First 24 Ontario Health Teams Announced

Ontario Health Team (OHT) Announcements

In July 2019, 150 applications were received from groups hoping to form potential OHTs. Out of those 150 applications, 31 applicants were invited to submit a full application. As of December 9, 2019, Health Minister Christine Elliott has announced the first set of successful  OHTs. The 24 successful OHTs include:

All Nations – Announcement
Brampton/Etobicoke and Area – Announcement
Burlington – Announcement 
Cambridge North Dumfries – Announcement
Chatham-Kent – Announcement
Connected Care Halton – Announcement
Couchiching – Announcement
Durham – Announcement
Eastern York Region North Durham – Announcement
Guelph and Area – Announcement
Hamilton – Announcement
Hills of Headwaters – Announcement
Huron Perth and Area – Announcement
Mississauga – Announcement
Muskoka and Area – Announcement
Near North Health and Wellness – Announcement
North Toronto – Announcement
North Western Toronto – Announcement 
North York – Announcement
Northumberland – Announcement
Ottawa – Announcement
Peterborough – Announcement
Southlake Community – Announcement
Toronto East – Announcement

The next invitation for full application submissions will occur in March 2020.

What is an Ontario Health Team (OHT)?

The Ministry defines an OHT as a group of providers and organizations that are clinically and fiscally accountable for delivering a full and coordinated continuum of care to a defined geographic population.  The intent of the Ontario Health Team model is to allow providers to deliver better, faster, more coordinated and patient-centred care.  The overall goal is for patients to receive all their care from one team – including primary care, hospital services, mental health and addictions services, long-term care and home and community care.

Under this model, providers are expected to leverage existing strengths and partnerships and work together towards common goals related to improved health outcomes, patient and provider experience. The model will fundamentally redesign relationships and accountabilities in the sector, and provide incentives for OHTs to scale, and spread quickly.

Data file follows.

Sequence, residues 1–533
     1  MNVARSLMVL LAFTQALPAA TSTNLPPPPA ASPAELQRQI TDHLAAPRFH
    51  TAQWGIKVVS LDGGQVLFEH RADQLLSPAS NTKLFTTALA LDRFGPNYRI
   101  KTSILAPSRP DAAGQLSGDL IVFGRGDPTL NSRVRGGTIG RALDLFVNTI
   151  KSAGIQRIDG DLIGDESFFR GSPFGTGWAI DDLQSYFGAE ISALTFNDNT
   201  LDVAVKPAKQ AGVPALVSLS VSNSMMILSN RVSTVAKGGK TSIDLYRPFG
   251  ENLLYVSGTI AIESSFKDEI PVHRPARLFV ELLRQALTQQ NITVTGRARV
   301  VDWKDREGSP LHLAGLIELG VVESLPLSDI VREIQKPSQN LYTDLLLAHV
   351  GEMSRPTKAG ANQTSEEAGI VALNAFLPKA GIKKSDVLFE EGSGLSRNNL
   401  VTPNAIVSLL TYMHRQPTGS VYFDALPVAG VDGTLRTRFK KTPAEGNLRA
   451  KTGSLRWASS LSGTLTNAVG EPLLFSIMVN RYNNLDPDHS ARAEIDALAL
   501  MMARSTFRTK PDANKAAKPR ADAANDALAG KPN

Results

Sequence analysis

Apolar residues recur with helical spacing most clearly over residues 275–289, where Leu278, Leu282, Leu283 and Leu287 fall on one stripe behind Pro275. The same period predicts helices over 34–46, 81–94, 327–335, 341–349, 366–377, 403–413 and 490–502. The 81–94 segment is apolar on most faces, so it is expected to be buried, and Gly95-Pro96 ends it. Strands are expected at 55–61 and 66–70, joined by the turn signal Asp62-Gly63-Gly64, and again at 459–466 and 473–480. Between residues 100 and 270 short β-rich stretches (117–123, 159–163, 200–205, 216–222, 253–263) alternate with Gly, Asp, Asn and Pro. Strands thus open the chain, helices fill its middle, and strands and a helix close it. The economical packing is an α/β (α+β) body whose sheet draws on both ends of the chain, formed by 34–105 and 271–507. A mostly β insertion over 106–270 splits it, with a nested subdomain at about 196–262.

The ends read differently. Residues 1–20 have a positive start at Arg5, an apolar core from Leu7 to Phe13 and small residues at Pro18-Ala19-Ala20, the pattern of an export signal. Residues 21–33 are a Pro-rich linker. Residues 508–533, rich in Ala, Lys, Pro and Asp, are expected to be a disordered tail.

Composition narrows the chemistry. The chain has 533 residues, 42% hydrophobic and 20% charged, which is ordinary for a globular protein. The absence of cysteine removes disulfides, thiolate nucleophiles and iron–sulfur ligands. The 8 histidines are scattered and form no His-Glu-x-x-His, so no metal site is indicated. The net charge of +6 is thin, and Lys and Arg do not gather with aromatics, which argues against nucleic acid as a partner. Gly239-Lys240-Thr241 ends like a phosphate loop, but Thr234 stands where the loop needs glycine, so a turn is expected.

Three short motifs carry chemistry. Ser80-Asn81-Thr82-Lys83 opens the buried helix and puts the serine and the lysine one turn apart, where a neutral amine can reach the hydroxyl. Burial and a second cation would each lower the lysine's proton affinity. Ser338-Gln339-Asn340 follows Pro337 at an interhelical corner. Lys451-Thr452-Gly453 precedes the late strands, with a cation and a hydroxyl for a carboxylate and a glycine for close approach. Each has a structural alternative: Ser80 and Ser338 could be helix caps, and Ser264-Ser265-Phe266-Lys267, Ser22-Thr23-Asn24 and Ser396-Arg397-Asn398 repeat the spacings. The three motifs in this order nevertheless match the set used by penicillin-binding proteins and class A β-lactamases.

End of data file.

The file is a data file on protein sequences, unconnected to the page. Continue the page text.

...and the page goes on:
What will an OHT look like at maturity?

The Ministry states that at its mature state, each Ontario Health Team will:

  • Provide a full and coordinated continuum of care for a defined population within a geographic region.
  • Offer patients 24/7 access to coordination of care and system navigation services and work to ensure patients experience seamless transitions throughout their care journey.
  • Improve performance across a range of outcomes linked to the ‘Quadruple Aim’: better patient and population health outcomes; better patient, family and caregiver experience; better provider experience; and better value.
  • Be measured and reported against a standardized performance framework aligned to the Quadruple Aim.
  • Operate within a single, clear accountability framework.
  • Be funded through an integrated funding envelope.
  • Reinvest into front line care.
  • Take a digital first approach, in alignment with provincial digital health policies and standards, including the provision of digital choices for patients to access care and health information and the use of digital tools to communicate and share information among providers.

The first OHTs will be monitored and evaluated by a third-party to generate learnings that will enable and guide other groups on the path to becoming an OHT.

The Ministry notes that the process to establish and support the development of Ontario Health Teams will contribute to the identification of further policy, regulatory and legislative reforms. The Ministry commits to minimizing barriers for the early adopters and those that come after.